Further with respect to the question of the oceans, we have the problem of the stalled Law of the Sea Conference. It is currently stalemated primarily on the issue of deep sea mining. Here I believe that we must take a new initiative if we want to restore vitality to the negotiations. A possibility worth pursuing is a fleshed-out version of Secretary Kissinger’s most recent suggestion, i.e., a two-track approach involving mining by both private interests and the public “Enterprise.” Under this approach, the US and other individual countries would provide the necessary technology and know-how to the Enterprise.

With respect to food, the basic answer is increased food production in the developing countries themselves. Accordingly, there should be increased emphasis in both bilateral and multilateral efforts on increasing the developing countries’ production of food. It will, however, take many years to increase food production in the poor countries. Therefore, in the meantime, it will be important to establish and maintain sufficient grain reserves in the developed countries to meet recurring needs in the developing countries.

Finally, we must continue to work on the population problem, which is inextricably linked with the problem of food and social and economic progress.

In light of the foregoing, the first and most critical task is to develop a coordinated strategy for dealing with the various issues presented. They cannot be dealt with on a piecemeal basis. Therefore, as [Page 648] soon as key appointments have been made, a task force should be formed to develop such an integrated strategy under a tight time schedule—two to three months. This should be done in coordination with key members of the Congress.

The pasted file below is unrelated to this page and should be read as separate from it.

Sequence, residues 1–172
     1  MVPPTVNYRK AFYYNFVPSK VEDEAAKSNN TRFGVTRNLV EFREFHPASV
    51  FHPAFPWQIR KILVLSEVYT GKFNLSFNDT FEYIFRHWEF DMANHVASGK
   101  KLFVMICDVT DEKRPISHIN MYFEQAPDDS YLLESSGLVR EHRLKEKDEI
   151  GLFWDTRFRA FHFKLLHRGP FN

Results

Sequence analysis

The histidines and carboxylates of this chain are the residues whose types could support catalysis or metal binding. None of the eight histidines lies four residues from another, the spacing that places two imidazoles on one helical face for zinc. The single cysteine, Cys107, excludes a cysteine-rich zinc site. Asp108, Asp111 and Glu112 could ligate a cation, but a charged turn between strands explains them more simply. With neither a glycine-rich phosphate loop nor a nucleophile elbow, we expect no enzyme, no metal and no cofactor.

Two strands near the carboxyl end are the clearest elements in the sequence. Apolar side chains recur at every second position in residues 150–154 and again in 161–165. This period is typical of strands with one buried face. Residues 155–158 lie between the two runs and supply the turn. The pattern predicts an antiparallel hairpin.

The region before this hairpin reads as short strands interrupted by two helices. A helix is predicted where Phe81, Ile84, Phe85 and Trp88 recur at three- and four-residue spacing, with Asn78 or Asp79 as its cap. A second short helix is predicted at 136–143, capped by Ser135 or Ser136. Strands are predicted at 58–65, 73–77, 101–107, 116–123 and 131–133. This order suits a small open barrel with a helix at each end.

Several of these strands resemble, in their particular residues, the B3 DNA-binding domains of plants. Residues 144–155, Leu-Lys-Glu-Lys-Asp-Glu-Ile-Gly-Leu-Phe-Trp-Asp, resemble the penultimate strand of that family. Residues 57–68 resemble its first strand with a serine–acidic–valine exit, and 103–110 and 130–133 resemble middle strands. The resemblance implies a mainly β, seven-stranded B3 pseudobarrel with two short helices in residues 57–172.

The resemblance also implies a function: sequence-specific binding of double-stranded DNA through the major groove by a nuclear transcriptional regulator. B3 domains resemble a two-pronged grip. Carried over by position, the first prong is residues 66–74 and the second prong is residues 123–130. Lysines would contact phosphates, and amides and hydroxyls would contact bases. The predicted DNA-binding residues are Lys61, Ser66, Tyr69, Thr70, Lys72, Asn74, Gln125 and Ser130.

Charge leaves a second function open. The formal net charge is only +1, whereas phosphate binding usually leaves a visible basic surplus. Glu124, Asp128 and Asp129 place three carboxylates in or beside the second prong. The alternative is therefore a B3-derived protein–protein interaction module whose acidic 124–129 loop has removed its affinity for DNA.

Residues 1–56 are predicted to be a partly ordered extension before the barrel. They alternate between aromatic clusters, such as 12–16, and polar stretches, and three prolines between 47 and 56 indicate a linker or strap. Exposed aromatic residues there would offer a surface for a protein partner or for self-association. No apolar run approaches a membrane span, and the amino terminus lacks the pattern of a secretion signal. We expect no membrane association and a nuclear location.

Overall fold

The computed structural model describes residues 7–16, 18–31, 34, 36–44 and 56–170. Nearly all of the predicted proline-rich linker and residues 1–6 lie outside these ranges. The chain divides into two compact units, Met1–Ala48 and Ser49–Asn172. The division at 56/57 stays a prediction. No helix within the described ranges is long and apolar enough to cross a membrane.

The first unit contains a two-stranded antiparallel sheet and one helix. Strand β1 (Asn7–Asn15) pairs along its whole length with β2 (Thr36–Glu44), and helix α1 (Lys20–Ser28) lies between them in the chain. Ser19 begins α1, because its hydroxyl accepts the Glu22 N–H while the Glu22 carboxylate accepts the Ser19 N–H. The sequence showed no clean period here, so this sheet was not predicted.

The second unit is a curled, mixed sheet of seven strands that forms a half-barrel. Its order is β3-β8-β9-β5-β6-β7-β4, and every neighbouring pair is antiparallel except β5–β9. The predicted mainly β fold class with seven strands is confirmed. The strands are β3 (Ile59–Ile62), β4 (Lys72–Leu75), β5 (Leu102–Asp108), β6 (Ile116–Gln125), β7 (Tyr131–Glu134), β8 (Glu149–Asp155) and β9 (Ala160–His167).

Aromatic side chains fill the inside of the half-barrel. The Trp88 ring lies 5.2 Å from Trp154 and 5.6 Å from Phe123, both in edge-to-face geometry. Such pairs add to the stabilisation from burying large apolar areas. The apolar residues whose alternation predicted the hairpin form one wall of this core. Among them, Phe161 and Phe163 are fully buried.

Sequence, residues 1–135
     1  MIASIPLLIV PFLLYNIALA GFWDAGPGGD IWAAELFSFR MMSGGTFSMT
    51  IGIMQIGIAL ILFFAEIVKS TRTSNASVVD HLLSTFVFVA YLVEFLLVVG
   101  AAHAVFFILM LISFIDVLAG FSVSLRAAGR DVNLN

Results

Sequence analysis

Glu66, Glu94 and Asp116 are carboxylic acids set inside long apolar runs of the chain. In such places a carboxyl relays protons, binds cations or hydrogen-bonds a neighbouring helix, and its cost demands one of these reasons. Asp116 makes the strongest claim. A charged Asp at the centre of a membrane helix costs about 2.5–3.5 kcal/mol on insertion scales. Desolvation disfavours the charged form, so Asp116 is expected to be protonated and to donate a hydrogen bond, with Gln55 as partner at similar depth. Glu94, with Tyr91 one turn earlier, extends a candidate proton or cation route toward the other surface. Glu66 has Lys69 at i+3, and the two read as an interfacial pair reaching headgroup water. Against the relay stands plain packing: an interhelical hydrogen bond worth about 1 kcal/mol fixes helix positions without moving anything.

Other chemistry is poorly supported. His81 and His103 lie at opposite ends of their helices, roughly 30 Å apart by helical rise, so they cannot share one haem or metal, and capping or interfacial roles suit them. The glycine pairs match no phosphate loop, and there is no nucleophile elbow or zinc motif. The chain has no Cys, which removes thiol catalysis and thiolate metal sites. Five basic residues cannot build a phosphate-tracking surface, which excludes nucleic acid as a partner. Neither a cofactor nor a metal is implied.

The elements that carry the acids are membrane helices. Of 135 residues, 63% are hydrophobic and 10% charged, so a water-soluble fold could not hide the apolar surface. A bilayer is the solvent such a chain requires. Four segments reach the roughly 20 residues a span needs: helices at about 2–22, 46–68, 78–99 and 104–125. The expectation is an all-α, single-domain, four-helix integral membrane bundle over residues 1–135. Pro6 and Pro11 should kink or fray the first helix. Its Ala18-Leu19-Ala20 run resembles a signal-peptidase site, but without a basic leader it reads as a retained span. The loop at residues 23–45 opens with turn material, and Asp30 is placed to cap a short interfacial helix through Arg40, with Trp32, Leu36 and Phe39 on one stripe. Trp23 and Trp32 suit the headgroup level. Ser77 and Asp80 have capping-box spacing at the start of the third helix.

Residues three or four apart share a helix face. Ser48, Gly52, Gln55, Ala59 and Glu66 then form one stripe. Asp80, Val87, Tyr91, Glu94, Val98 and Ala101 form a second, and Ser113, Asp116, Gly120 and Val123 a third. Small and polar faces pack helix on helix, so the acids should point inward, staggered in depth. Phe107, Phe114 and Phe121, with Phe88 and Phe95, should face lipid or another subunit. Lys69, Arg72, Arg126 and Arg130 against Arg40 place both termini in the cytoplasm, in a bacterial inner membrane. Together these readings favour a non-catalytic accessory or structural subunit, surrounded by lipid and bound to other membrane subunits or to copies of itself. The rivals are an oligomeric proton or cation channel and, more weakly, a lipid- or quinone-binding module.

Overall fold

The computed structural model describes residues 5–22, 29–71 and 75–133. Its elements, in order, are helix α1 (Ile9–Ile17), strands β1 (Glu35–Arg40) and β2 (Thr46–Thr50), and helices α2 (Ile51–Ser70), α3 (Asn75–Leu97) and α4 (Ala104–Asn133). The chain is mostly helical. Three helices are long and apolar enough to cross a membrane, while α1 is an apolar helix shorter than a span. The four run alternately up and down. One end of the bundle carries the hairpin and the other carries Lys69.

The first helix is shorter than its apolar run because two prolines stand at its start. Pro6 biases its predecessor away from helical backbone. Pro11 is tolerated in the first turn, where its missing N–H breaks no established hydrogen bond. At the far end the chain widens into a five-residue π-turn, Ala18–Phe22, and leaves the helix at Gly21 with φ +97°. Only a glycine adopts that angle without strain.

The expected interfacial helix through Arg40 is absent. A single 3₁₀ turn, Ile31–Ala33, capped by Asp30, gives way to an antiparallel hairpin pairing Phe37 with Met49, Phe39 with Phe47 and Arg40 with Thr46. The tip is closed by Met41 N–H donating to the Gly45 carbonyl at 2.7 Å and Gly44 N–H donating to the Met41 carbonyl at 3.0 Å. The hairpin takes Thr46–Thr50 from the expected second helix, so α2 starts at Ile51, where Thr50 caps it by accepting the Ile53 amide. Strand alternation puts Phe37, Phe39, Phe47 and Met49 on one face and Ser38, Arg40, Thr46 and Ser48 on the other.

[Omitted here is information unrelated to food policy.]

  1. Source: Department of State, Office of the Secretariat Staff, Records of Cyrus Vance, Secretary of State, 1977–1980, Lot 84D241, Odds & Ends From the Transition. Sensitive. Sent to Jack Watson under an October 24 covering memorandum, in which Vance commented: “I am sure that never before has there been so much excellent work done in advance of the election. In the meantime, we are all hoping and praying that things will come out the right way on November 2.” (Ibid.) According to his memoirs, Vance prepared the memorandum at Carter’s request, noting that it “was to become a kind of foreign policy road map and a standard against which I measured our success and failure in attaining the goals we ultimately set for ourselves.” (Vance, Hard Choices, pp. 29–30) The complete memorandum is printed in Hard Choices as Appendix I, pp. 441–462 and is scheduled for publication in Foreign Relations, 1977–1980, volume I, Foundations of Foreign Policy.
  2. Presumable reference to the International Development and Food Assistance Act of 1975 (P.L. 94–161); see footnote 4, Document 1.